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September 1999, Volume 6, Number 9

Congress: Reorganize INS?

Congress was in recess in August, but debate on the reorganization of INS continued. The Immigration Reorganization and Improvement Act of 1999 (H.R. 2528) continued to attract congressional sponsors in August 1999, despite the concerns of many immigrant advocates and the Clinton administration that breaking up the INS into separate enforcement and service agencies could further weaken the provision of services. Testimony on the bill can be found at:

The INS has a large and growing backlog of cases. There are 4.4 million applications for some type of immigration benefit, including 1.8 million naturalization applications. Applicants for immigration services must pay the cost of providing them. Thus, for example, the INS charges foreigners who wish to naturalize a fee of $225. Congress has sometimes ordered INS to take funds from its service account and use them for enforcement activities--over the past two years, $518 million was taken from the service budget to pay for detention, asylum, refugee processing and other expenses.

In the Senate, the bipartisan INS Reform and Border Security Act of 1999, S 1563, would upgrade the INS within the Department of Justice, as INS Commissioner Meissner urges, establishing an Immigration Affairs Agency directed by an Associate Attorney General for Immigration Affairs who would direct: (1) the Bureau of Immigration Services and Adjudications; (2) the Bureau of Immigration Enforcement and Border Affairs; and (3) a support service center. One feature of this bill is a provision calling for appropriations to fund immigrant services, which could reduce the rate of increase in INS service fees.

A similar House bill, the Immigration Restructuring and Accountability Act of 1999, HR 2680, would create a National Immigration Bureau, headed by a director who would report to the attorney general. The Bureau would have four functions, including services (Office of Immigration Adjudications); enforcement, (Office of Immigration Enforcement); detention (Office of Pre-Hearing Services); and support (Office of Administration). HR 2680 includes the restoration of Section 245(i), the provision of immigration law that permits foreigners illegally in the US when their immigrant visas become available to pay a fine and adjust status in the US rather than returning to their country of origin to obtain an immigrant visa.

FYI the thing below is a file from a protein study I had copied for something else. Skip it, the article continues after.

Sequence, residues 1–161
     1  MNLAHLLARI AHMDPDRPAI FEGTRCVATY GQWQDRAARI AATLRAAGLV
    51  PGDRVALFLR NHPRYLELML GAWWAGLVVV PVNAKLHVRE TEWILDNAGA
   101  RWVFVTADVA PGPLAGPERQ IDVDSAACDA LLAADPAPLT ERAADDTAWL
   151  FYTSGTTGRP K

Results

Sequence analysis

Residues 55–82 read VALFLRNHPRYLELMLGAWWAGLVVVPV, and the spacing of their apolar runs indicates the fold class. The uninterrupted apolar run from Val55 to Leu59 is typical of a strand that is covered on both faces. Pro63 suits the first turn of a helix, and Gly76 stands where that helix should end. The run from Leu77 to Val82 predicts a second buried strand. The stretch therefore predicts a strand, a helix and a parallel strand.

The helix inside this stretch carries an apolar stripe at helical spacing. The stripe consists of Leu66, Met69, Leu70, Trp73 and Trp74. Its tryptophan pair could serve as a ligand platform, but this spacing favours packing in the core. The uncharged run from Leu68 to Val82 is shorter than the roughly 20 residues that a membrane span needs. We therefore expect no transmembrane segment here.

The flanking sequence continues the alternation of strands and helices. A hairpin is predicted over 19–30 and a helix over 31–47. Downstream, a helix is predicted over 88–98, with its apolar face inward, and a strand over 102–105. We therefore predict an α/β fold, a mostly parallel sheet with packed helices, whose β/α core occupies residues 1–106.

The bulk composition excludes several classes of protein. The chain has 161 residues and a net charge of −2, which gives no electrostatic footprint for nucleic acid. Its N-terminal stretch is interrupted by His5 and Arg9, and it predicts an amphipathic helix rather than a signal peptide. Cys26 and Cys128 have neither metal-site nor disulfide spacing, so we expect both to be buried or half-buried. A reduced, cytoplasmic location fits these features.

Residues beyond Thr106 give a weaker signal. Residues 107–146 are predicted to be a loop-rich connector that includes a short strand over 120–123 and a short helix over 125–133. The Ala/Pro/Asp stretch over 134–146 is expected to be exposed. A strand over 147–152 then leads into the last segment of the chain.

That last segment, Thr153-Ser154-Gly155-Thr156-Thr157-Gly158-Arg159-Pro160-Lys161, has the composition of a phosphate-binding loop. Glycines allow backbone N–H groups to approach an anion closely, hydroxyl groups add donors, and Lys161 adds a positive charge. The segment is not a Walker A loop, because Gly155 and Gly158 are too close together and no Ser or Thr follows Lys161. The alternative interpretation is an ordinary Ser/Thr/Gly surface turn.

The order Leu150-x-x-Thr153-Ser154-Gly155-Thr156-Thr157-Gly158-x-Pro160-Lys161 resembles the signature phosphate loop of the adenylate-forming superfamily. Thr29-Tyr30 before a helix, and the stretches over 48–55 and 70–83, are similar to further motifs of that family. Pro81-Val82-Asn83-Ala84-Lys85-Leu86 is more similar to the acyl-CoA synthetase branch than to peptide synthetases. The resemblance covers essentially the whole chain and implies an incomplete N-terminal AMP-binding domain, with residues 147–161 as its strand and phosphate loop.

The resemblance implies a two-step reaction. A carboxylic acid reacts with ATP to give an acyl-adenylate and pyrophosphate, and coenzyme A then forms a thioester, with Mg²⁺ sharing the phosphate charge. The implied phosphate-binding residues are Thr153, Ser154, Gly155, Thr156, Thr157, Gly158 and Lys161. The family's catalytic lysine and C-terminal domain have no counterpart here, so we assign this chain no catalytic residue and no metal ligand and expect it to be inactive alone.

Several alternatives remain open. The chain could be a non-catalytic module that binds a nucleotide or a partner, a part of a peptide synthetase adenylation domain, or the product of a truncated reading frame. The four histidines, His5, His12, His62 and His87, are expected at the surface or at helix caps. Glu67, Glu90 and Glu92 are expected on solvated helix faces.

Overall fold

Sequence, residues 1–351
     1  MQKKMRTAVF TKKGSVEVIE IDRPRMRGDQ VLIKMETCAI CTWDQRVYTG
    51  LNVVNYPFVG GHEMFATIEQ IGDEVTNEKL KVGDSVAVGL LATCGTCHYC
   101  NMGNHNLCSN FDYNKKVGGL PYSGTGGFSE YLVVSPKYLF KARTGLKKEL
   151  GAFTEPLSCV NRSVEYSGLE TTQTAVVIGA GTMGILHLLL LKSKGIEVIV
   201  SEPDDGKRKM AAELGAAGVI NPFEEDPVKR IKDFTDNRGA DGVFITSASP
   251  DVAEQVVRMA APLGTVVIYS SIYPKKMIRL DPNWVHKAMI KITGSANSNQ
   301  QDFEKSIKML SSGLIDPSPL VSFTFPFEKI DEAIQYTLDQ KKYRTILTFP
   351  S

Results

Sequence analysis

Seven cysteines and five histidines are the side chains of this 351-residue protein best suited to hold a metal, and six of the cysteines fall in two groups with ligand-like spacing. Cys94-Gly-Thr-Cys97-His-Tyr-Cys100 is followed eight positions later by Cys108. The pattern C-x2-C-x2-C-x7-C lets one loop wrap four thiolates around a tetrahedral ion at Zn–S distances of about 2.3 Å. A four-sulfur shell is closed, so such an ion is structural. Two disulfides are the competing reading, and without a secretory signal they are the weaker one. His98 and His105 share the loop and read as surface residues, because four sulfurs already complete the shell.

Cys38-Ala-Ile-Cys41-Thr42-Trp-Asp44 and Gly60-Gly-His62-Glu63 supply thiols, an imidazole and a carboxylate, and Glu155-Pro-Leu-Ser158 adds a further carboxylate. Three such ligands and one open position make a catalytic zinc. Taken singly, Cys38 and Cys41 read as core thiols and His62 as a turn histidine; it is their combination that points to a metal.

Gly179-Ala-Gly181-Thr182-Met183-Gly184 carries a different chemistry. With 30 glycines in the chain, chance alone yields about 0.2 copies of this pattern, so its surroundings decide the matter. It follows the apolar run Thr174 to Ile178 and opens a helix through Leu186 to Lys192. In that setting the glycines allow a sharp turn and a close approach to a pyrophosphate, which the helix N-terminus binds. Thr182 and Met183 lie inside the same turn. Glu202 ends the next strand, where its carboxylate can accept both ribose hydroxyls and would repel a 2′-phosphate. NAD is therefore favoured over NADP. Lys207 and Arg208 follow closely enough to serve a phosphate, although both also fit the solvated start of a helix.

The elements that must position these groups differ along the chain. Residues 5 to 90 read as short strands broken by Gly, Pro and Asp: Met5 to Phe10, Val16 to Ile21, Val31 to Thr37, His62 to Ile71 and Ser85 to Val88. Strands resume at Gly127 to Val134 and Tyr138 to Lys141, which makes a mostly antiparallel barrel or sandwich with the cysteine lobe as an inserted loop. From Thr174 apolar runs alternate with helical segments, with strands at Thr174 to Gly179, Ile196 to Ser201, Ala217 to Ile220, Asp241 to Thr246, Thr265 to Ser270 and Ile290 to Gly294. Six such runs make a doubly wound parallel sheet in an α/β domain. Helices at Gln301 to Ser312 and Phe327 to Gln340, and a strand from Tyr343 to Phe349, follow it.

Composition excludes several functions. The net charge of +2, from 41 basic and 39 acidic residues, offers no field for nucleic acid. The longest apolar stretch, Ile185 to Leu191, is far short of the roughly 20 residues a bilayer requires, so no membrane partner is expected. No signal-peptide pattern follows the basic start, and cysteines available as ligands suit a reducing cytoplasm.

Central Americans. The Clinton administration endorsed the Central American and Haitian Adjustment Act of 1999, H.R. 2722, which would amend the Nicaraguan Adjustment and Central American Relief Act of 1997 to permit an estimated 550,000 unauthorized Guatemalans, Salvadorans, Hondurans and Haitians continuously in the US since December 1, 1995 to become legal immigrants; under NACARA, only Cubans and Nicaraguans were offered an easy path to legal immigrant status.

The bill is an effort to expand legalization programs for Central Americans, many of whom arrived in the 1980s and were denied asylum or did not apply because the INS was rejecting most applications from persons whose governments the US supported in civil wars. Many Central Americans nonetheless remained in the US, and US courts frequently held that US policies toward the Central Americans were unlawful. NACARA was an effort to wipe the slate clean, but critics, including the Clinton administration, argued that it offered different levels of benefits depending on US policy toward the host government, making it easier for Cubans and Nicaraguans to obtain US immigrant status than for Guatemalans and Salvadorans.

President Clinton proposed a $70-million English Language and Civics Education Initiative for FY2000, with the funds going to states and community-based organizations to provide English language and civics and history instruction for immigrants. Clinton noted that many immigrants want to learn English, but there are often long waiting lists for English as a Second Language classes--enrollment in ESL classes was 1.8 million in 1997.

Immigrant advocates have launched a "Fix 96" campaign to revise provisions of the three major immigration laws enacted in 1996 that they believe hurt immigrants and their US relatives; legalization programs for Central Americans are among the fixes that they would like Congress to approve.

The Center for Immigration Studies released a report that concludes that "there is nothing as permanent as a temporary refugee." (Krikorian, Mark. 1999. Here to Stay: There's Nothing as Permanent as a Temporary Refugee. />
Visa Waiver. The Visa Waiver Pilot Program (VWPP), begun in 1998, allows nationals from 26 countries to enter the US for up to 90 days without a visa. In August, Portugal, Singapore and Uruguay were added to the VWPP, joining Andorra, Argentina, Australia, Austria, Belgium, Brunei, Denmark, Finland, France, Germany, Iceland, Ireland, Italy, Japan, Liechtenstein, Luxembourg, Monaco, the Netherlands, New Zealand, Norway, San Marino, Slovenia, Spain, Sweden, Switzerland, and the United Kingdom.

The U.S. Justice Department's Office of Inspector General (OIG) released a report in July, "The Potential for Fraud and INS's Efforts to Reduce the Risks of the Visa Waiver Pilot Program," that contends that passports of VWPP countries are stolen and used to gain admission to the US. For more information:

GAO. 1999. Immigration and Naturalization Service: Overview of Management and Program Challenges. T-GGD-99-148. July 29.